Damascus is seeking to bolster its army by bringing in deserters and draft dodgers, but several caveats apply
IDLIB CITY, Syria – Omar Shihabi knew he had two choices when the Syrian government retook his hometown in the Damascus countryside from rebel forces: flee or face military conscription.
He chose the former, and fled with his family north to opposition-held Idlib, where he now lives free from Bashar al-Assad’s army, but unemployed and caught in a rebel enclave that’s independence is surely finite as the Syrian government consolidates its control of the country.
Young men like Shihabi are exactly the kind Assad is trying to bring back into the fold. Last week, an amnesty was offered to Syrians who have avoided military service or deserted the army.
The decree, issued by Assad and publicised over various social media channels, is valid for four months for men in Syria, and six for those residing outside the country.
The amnesty decree is just ink on paper
- Omar Shihabi, displaced Syrian
Draft dodgers and deserters, of which there are tens of thousands, are expected to serve in the army once their status has been regularised.
But for the many Syrian youths who chose to flee rather than serve in the Syrian Arab Army’s ranks, this apparent offer of amnesty is not one they would ever take up.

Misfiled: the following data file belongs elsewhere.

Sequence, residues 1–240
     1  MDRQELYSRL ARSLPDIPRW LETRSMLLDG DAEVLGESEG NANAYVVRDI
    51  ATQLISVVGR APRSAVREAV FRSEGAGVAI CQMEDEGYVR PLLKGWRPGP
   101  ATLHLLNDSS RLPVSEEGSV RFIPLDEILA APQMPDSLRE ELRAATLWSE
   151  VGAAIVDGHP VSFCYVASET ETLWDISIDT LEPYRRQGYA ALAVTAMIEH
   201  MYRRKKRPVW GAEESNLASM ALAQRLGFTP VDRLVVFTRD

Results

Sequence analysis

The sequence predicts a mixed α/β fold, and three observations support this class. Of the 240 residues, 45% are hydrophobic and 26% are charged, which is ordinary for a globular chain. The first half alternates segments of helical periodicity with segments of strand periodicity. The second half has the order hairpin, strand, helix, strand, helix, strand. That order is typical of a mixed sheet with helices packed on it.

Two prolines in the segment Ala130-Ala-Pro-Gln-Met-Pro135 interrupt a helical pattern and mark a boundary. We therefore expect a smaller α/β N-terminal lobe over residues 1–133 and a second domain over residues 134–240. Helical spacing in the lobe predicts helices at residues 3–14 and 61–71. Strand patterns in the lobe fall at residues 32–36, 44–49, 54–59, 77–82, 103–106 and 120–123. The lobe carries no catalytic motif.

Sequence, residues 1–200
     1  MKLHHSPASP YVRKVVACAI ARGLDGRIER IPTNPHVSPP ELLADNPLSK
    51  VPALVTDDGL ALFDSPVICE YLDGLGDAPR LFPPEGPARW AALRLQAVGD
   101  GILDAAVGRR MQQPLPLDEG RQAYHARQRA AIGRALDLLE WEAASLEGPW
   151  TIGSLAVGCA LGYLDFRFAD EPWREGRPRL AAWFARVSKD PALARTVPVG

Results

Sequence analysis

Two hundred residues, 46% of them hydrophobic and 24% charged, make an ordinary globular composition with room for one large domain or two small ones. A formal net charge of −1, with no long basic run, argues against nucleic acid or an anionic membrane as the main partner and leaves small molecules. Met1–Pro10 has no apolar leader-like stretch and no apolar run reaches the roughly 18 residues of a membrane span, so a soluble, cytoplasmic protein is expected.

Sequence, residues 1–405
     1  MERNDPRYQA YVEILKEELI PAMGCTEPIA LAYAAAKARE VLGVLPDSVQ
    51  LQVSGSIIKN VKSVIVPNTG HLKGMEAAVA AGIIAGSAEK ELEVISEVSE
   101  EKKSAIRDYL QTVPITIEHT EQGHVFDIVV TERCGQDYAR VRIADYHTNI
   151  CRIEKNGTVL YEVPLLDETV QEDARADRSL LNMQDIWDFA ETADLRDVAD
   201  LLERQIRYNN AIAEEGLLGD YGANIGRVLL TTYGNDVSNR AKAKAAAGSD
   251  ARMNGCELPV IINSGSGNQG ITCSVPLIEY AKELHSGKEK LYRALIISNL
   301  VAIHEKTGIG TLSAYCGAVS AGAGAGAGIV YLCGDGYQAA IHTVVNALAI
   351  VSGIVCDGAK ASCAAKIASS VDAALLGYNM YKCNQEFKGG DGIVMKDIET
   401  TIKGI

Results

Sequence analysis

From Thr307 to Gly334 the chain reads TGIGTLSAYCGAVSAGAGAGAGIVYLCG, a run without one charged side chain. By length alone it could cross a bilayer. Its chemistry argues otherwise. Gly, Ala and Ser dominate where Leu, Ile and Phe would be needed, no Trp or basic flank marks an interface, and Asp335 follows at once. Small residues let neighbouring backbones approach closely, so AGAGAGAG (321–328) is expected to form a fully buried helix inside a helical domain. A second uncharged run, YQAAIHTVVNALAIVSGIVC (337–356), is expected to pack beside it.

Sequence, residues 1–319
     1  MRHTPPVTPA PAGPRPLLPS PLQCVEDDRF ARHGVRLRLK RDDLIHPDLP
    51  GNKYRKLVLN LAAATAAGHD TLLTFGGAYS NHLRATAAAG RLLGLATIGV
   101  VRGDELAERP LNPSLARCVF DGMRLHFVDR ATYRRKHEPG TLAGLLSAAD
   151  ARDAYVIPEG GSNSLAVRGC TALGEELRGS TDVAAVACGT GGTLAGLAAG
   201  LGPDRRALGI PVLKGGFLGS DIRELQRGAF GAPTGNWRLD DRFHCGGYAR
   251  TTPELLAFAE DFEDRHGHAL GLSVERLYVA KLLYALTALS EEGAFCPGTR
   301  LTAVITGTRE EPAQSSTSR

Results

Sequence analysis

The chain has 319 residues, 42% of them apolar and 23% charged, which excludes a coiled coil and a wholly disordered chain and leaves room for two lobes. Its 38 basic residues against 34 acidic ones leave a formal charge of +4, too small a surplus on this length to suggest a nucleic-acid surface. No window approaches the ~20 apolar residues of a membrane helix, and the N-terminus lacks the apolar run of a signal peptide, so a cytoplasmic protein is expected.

"This army is not a national army, but one for the defence of Assad and his government," Shihabi tells Middle East Eye, adding that he doubts that the terms will even be properly enforced.
"The amnesty decree is just ink on paper,” he says.
Avoiding an obligation
All Syrian men over the age of 18, except only sons, are required to fulfil national service. Conscription can be postponed by continuing studies.
Students often fail exams on purpose in order to retake years and put off being enlisted, while many young men hide at home to avoid being picked up by authorities.
Last year, military police patrols in the city of Tartous rounded up 220 Syrian youths on one day as they celebrated Lionel Messi’s win for Barcelona against Real Madrid in the Classico football match, according to local media.
Early in the conflict many young Syrian men chose to fight for rebel groups rather than the government, and the army was hit by multiple desertions as youths crossed over to the enemy’s side.
But not all Syrian youths have sought to avoid fighting for Assad over the past seven years.
“Those who preferred to remain under Damascus’s control joined the ranks of the army or the loyalist militias ... and some were killed on the hot fronts during battles,” Shihabi said.
Reconciliation deals with rebels and civilians living in opposition-held areas have been ongoing for more than two years.
As pro-Syrian government forces have closed in on and retaken opposition strongholds such as east Aleppo, Darayya, Daraa and the Eastern Ghouta, deals have been struck with the local inhabitants.
Some rebels agreed to cross over and fight under Assad’s banner. Many civilians stayed put, with the promise that their security would be ensured. Many others evacuated to Idlib, distrustful of the government’s promise they would be kept safe if they remained at home.
Many young Syrian men chose to flee their homes when Assad's forces moved in. (AFP)
Fawaz Abu Medhat is an Eastern Ghouta resident who has been avoiding military service since 2012.
When the rebel enclave in the Damascus countryside fell to Assad’s army earlier this year, he decided against taking one of the many buses shuttling people north to Idlib.